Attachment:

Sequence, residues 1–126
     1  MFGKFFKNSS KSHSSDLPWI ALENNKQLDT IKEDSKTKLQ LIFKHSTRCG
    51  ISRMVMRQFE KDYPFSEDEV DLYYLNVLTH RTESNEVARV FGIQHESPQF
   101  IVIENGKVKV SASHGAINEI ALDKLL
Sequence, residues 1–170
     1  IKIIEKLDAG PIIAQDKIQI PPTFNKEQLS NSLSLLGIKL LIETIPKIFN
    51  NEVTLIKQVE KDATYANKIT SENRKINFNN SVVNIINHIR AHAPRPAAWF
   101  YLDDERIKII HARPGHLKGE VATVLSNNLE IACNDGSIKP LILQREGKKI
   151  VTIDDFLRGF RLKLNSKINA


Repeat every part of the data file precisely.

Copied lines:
Sequence, residues 1–126
     1  MFGKFFKNSS KSHSSDLPWI ALENNKQLDT IKEDSKTKLQ LIFKHSTRCG
    51  ISRMVMRQFE KDYPFSEDEV DLYYLNVLTH RTESNEVARV FGIQHESPQF
   101  IVIENGKVKV SASHGAINEI ALDKLL
Sequence, residues 1–170
     1  IKIIEKLDAG PIIAQDKIQI PPTFNKEQLS NSLSLLGIKL LIETIPKIFN
    51  NEVTLIKQVE KDATYANKIT SENRKINFNN SVVNIINHIR AHAPRPAAWF
   101  YLDDERIKII HARPGHLKGE VATVLSNNLE IACNDGSIKP LILQREGKKI
   151  VTIDDFLRGF RLKLNSKINA